At the time the study was commissioned, CATS buses burned through about 2,000 gallons of fuel per day. The CATS fleet currently has 57 conventional diesel buses, 3 trolleys, and 16 cutaway vans. A variety of alternative fuel options are available for public transit fleets, including compressed natural gas, liquified petroleum gas, biodiesel, and electric or hybrid-electric, but the UNO study specifically recommended the switch to electric. After weighing specifics like feasibility and climate conditions specific to Baton Rouge, CATS decided to follow UNO’s recommendation to go electric. 

    Procuring buses with new technologies is not always easy. CATS was charged with quickly finding funding sources and a manufacturer that could meet deadlines on deliverables. Around this time, Louisiana Clean Fuels hosted an electric bus demonstration at the transit shelter in town square and invited local decision makers, CATS staff, and board members along for the ride. On this ride, LCF and their stakeholders were able to inform CATS of an upcoming FTA grant opportunity and offered to provide assistance with their grant application. The demo was a success and solidified local leadership’s support for CATS’s decision to procure electric buses. 

    CATS applied for the competitive grant funding – with assistance from Capital Region Planning Commission, Louisiana Department of Transportation – from the Federal Transit Administration’s Low to No- Emissions Program and received $2.5 million in 2019, in combination with other Federal funds, to purchase their first three buses.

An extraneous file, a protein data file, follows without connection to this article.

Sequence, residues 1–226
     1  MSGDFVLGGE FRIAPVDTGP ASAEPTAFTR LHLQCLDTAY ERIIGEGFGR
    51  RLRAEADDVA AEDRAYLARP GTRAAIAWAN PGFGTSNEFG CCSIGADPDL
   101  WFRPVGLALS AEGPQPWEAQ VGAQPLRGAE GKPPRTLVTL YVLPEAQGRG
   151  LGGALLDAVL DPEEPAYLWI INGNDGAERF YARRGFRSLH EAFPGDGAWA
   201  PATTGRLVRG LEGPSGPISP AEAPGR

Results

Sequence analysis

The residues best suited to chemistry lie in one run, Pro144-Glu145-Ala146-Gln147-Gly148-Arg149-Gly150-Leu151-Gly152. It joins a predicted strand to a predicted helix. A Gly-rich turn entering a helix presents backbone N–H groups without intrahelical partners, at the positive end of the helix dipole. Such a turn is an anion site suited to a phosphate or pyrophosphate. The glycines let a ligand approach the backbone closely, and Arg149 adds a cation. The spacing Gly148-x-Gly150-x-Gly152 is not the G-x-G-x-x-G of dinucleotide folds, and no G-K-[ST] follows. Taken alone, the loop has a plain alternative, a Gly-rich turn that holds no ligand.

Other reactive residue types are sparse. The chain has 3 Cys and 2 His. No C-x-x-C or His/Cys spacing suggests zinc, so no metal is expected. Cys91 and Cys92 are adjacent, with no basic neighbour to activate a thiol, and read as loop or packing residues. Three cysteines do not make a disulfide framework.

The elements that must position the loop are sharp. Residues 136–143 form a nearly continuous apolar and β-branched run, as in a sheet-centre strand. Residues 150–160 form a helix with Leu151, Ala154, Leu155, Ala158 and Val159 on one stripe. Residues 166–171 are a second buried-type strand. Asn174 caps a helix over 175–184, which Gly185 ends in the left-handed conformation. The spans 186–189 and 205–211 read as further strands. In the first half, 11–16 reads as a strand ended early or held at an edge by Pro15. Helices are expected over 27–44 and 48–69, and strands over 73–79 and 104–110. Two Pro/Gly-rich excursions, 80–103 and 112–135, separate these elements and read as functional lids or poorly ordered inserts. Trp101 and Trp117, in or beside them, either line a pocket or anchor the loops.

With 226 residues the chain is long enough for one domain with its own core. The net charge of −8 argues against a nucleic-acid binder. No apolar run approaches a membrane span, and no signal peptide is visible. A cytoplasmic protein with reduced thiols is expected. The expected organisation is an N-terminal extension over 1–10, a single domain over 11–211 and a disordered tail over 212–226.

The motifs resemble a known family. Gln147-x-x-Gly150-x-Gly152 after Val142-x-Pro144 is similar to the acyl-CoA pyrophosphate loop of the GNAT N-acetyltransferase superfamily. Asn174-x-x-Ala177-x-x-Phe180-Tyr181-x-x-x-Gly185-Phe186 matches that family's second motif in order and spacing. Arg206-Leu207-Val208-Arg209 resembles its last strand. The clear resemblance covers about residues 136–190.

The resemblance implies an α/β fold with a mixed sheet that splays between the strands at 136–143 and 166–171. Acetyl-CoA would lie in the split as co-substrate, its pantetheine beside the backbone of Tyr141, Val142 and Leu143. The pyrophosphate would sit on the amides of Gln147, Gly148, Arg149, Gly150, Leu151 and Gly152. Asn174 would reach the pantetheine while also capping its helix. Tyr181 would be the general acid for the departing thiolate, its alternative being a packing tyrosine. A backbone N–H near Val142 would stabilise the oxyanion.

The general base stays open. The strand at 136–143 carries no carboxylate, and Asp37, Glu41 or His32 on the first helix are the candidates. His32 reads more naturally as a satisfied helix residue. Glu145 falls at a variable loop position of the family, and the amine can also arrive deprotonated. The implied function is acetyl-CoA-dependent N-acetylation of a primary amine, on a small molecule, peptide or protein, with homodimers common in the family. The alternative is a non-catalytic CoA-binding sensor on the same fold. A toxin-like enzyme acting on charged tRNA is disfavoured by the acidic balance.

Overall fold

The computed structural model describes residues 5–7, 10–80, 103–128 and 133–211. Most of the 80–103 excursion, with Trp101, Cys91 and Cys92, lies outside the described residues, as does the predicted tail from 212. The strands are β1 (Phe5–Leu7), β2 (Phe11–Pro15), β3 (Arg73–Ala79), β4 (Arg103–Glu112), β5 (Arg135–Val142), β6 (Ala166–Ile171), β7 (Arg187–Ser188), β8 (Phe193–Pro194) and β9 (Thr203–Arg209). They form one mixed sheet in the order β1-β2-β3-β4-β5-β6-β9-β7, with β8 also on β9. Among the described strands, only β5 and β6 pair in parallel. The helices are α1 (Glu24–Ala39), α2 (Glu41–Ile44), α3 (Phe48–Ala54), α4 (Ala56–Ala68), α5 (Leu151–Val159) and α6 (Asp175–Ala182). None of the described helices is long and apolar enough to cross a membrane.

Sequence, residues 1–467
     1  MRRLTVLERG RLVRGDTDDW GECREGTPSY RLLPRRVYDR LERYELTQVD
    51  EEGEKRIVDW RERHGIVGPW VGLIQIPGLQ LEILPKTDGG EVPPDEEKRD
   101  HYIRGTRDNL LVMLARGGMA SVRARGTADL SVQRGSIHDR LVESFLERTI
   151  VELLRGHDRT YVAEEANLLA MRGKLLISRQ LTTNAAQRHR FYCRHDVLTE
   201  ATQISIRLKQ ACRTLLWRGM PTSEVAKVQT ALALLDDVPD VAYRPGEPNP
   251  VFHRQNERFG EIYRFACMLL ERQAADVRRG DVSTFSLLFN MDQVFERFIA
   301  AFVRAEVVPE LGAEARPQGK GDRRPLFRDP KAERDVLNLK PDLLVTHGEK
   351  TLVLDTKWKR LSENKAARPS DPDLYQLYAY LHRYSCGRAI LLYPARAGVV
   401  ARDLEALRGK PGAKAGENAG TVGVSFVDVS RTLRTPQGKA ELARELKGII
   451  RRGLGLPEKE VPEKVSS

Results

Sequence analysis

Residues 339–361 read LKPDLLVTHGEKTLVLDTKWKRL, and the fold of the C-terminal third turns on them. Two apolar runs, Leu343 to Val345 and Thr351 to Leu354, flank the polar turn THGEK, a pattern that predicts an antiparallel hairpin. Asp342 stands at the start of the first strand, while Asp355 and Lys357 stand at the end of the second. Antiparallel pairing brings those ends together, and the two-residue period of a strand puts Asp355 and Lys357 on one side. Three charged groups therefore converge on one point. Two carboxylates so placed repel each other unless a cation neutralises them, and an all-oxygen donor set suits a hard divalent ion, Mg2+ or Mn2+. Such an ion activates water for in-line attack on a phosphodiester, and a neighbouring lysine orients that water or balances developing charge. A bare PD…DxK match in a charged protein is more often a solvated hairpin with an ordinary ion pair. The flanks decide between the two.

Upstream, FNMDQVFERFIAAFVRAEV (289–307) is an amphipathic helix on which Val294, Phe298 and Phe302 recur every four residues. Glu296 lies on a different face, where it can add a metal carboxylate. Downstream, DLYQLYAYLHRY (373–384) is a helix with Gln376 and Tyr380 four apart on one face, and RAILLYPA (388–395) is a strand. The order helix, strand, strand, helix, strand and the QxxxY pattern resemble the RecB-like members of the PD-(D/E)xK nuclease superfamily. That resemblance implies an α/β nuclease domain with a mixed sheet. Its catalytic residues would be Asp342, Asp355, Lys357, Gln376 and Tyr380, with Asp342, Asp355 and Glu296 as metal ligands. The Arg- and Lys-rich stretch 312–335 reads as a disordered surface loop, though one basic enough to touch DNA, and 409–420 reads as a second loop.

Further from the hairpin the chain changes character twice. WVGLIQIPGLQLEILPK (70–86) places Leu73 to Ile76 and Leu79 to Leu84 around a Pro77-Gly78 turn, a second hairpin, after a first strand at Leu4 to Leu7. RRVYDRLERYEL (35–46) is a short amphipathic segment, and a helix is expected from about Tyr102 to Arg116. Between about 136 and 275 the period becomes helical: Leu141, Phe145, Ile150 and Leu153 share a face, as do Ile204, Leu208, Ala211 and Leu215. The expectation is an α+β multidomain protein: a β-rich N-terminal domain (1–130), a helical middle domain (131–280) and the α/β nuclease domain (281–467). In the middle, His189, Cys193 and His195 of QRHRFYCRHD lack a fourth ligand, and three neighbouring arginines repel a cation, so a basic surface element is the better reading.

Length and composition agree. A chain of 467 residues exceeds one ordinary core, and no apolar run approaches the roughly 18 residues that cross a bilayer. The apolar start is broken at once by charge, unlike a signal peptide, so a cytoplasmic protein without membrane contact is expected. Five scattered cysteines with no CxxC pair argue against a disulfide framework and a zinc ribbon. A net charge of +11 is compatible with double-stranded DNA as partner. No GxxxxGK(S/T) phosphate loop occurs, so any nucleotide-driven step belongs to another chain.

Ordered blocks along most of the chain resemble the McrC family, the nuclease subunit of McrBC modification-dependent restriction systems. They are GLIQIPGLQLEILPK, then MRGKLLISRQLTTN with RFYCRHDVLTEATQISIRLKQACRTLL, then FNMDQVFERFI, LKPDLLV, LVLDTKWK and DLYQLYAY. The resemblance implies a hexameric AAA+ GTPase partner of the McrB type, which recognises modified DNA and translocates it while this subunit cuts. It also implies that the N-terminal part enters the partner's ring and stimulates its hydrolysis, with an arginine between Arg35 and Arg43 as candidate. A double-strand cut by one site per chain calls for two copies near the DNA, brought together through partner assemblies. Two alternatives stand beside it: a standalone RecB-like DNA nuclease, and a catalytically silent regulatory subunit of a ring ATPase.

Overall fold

In April 2020, CATS announced it received an additional $3.8 million FTA grant to procure additional buses. CATS also received some local matching funds for the project. The FTA Low to No Emissions program is the same grant that in 2016 awarded $3.9 million to Sportran in Shreveport LA to purchase its first five electric buses, three depot chargers and an on-route fast charger. The Shreveport transit agency also received $1.5 million in August of 2018 for additional electric buses. 

    If one could offer advice to another fleet looking to procure electric buses, CATS Communications Director, Amie McNaylor, says she suggests engaging the experts. McNaylor credits the help of industry experts in navigating the process of procuring buses with unfamiliar technology. McNaylor described that, during the ordering process, electric bus batteries improved from first generation to second generation batteries with longer ranges, and having an expert around smoothed out these bumps in the process. Louisiana Clean Fuels connected CATS staff with industry experts and experienced EV transit bus fleet managers who acted as a liaison of sorts between CATS and the manufacturer, asking the right questions and finding the right specifications for CATS’ unique needs. 

    After hammering out the details, CATS ultimately purchased three 35-foot electric buses manufactured in California by BYD. These buses can reach 62 miles per hour speeds and seat 32 passengers, with additional capacity for standing passengers. BYD estimates its buses cost about $1 less per mile to operate when compared to diesel buses. CATS will also save on maintenance costs as electric vehicles do not require oil changes. 

    Aside from cost savings and emissions reduction, McNaylor says the public has responded favorably to the new electric buses. Some riders have tweeted that the buses are much quieter, and people tend to be drawn to the electric buses at press events. CATS operators seem to enjoy driving the new buses as well.